This morning I received a “breaking news email” from the New York Times that the New York Times had decided to start charging for access in 2011. I really don’t understand why they would send a breaking news email over this news. First, everyone else had been reporting the Times decision for a couple of days and second it’s not newsworthy enough to disturb me with an email or text.
Outside of the fact that it’s not breaking news, the NY Times has decided to try out the middle ground in the payment wall debate, again. Last time with Times Select they hid their “premium” content from those who didn’t want to pay. This time they are going to ask the power users who access their web site more frequently to pay. Unfortunately, they aren’t ready to release simple details about the plan so we really can’t make a judgement call on it.
It would be nice to know how much is frequent? How many article can I access before I have to pay? How much will I have to pay? Then maybe we can make some comparisons to how much they are making on advertising revenue versus how much they will make for charging for access.
You think if they were sending a news alert about charging in 2011, they could have at least gotten the full story from their bosses.
What metrics do you use to measure the success of a newspaper web site switching to a paid content model? Specifically, I’m thinking about how will Stephens Media know if their switch to a paid content model for the Pine Bluff Commercial? Here’s the metrics I think a site switching to a paid content model would have to use.
Paid Subscribers both online and in print – To justify paid content model you must show an increase in print newspaper subscriptions because the reason you switched to a paid model was to stop the cannibalization of your print subscribers by your free online site. Of course most studies show that the revenue generated from paid online subscribers will barely cover the cost of running the website.
Web Site Visitors – Nope. You can keep measuring your web site visitors if you want to, but the dropoff from when it was free will be so discouraging you might change your mind and open it up again.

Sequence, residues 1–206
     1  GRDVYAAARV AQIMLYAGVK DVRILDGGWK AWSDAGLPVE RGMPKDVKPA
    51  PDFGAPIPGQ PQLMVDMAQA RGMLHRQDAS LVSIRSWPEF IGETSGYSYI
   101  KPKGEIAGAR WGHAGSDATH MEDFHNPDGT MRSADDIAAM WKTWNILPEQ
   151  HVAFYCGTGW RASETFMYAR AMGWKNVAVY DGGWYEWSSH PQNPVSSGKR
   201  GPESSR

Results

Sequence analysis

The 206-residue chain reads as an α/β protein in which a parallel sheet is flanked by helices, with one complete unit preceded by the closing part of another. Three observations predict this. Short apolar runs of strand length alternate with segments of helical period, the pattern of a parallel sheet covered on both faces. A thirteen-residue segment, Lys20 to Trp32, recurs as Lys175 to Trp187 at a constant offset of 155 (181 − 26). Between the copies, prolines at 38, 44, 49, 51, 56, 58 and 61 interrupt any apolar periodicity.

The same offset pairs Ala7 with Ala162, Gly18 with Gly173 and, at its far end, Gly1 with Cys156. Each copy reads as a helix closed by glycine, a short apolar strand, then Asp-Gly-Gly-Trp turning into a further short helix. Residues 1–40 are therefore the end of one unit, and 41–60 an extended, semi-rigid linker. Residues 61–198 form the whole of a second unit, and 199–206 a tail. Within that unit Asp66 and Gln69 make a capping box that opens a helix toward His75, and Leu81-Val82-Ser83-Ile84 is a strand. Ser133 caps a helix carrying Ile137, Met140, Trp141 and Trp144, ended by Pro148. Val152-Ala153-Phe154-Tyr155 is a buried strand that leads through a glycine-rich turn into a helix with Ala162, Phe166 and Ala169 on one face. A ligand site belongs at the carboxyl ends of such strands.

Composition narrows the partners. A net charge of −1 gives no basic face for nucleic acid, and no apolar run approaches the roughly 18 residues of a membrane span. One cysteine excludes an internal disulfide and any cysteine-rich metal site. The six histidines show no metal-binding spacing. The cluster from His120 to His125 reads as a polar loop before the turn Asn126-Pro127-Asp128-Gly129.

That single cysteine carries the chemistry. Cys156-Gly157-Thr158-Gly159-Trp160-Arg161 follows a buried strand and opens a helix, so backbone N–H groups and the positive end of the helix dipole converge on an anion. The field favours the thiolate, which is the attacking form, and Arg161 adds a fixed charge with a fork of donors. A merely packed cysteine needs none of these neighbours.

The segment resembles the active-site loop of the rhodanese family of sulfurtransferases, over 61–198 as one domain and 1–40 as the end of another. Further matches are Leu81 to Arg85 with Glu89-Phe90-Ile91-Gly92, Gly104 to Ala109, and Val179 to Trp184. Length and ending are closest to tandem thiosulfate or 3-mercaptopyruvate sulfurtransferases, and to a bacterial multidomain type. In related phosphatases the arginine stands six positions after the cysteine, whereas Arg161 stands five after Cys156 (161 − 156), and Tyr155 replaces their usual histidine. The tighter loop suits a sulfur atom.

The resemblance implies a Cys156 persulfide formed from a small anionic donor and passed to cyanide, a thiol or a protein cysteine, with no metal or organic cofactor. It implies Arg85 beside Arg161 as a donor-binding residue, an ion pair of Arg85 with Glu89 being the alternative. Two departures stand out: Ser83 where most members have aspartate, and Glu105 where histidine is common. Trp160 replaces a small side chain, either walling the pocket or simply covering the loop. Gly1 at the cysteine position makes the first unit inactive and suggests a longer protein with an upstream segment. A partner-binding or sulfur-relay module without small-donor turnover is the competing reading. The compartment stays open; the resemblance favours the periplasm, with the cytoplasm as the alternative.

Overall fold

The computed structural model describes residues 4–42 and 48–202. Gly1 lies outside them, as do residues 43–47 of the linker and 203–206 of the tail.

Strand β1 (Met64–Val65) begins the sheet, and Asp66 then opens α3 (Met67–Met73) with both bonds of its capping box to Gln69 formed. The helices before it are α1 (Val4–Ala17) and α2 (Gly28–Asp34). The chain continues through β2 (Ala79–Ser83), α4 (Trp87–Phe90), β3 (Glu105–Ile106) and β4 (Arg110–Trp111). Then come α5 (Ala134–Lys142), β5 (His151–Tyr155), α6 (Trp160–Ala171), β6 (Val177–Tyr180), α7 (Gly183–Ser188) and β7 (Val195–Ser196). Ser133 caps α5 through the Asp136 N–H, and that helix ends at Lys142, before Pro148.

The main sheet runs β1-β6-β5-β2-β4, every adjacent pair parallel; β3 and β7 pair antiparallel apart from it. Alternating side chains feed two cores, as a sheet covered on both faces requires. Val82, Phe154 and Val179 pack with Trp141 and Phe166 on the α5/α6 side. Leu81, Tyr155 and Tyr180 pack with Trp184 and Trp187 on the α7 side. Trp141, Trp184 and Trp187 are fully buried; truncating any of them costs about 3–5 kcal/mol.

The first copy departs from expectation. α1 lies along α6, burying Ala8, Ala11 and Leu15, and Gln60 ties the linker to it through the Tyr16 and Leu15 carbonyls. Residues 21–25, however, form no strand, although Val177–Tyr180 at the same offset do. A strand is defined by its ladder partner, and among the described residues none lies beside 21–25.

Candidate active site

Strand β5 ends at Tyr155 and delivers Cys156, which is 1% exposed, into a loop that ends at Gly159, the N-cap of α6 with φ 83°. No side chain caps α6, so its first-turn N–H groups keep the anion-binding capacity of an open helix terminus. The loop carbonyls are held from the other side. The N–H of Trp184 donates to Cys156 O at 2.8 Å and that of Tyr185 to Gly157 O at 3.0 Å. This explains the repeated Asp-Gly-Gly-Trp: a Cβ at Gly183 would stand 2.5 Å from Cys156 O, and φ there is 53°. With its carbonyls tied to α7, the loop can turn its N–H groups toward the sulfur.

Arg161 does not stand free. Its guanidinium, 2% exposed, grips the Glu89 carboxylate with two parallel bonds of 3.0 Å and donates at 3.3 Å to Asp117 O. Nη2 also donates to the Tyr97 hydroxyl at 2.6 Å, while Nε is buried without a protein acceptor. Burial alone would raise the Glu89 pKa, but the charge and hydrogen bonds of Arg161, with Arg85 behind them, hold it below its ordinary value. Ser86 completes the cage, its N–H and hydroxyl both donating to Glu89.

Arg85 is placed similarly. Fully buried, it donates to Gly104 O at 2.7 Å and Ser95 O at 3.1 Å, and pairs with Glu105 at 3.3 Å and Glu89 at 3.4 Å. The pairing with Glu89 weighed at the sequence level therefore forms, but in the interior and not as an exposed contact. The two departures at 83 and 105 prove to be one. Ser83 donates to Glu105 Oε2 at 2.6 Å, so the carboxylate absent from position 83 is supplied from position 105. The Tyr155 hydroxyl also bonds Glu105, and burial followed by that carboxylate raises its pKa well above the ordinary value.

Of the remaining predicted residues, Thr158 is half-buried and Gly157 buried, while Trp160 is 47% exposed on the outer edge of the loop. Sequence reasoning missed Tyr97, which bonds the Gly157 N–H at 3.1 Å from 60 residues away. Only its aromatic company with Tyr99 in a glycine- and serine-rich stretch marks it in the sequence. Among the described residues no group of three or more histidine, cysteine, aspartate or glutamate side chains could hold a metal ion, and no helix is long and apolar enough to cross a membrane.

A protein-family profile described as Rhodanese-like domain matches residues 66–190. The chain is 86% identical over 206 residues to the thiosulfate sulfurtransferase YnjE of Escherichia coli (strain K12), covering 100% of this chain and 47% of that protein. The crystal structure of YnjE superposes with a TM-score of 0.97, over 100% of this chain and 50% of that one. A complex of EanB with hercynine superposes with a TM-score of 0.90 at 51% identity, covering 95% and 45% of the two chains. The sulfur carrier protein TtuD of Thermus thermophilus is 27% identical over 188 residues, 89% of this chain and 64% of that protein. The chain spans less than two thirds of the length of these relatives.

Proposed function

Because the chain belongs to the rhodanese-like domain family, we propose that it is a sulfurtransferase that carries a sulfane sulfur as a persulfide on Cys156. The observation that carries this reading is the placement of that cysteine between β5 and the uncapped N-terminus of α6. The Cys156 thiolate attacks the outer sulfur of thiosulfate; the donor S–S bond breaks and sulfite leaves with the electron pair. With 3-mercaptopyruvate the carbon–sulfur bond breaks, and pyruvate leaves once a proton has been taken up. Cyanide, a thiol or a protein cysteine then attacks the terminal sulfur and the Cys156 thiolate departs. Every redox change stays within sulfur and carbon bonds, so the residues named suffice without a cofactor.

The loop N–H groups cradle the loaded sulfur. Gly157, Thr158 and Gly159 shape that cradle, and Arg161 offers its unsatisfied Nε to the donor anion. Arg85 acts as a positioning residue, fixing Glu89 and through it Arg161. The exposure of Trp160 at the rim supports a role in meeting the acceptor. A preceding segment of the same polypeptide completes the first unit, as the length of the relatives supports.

Web Display Ad Revenue – Strike Two. Won’t work. You just killed your audience with the paid wall. Any advertiser who runs on your site behind the pay wall doesn’t know what they’re doing.
Online Classified Revenue – Strike Three. This isn’t working for many newspapers anymore, but if you’ve killed your audience then who will pay to get their classifieds seen online by nobody.
So, the only real workable metric is an increase in paid print subscribers. That’s right a continual increase. If you only slow your decrease, then you’ve just slowed the print newspaper death spiral and given yourself another year or two until the presses stop running.
Another side of this whole paid content debate is the concept that Google is stealing the newspapers content and is evil. Pretty much anyone who is out there advocating a pay wall for newspapers stories is also a proponent of keeping Google away from their content. The funny thing is the opposite is true. If you want more traffic on your web site and more people reading your news stories, then Google is your friend. Google probably sends more traffic to your news site than any other source.
The Guardian has an interesting look at this debate pitting the NY Times Maureen Dowd against Jeff Jarvis examining whether Google is friend or foe.
Dowd says Google has hijacked journalism. “Google is in a battle royal over whether it has the right to profit so profligately from content at a time when journalism is in such jeopardy. Robert Thomson, the editor of the Wall Street Journal, denounced websites like Google as “tapeworms”.”
Jarvis on the other hand has faced the facts. “I had been naively thinking – hoping – that there would be an orderly transfer of power, print to digital, and that many of the incumbents would survive and some might lead the transition. With some exceptions, I no longer believe that.”
Mitch (see comment) sent me a Business Week article this week about the latest attempt to charge for online content fostered by Steven Brill. He’s proposing creating a consortium of a lot of different content providers that the reader would pay a subscription fee to access the content. I really don’t believe charging for online content will work in most circumstances, because readers will seek out the free content somewhere else and in most cases advertising models on free content will generate more revenue than subscriptions because of the higher traffic generated on the free content models.
But besides what I think, there’s a lot of buzz around . Here’s a couple of analysis of Brill’s model that makes sense to me.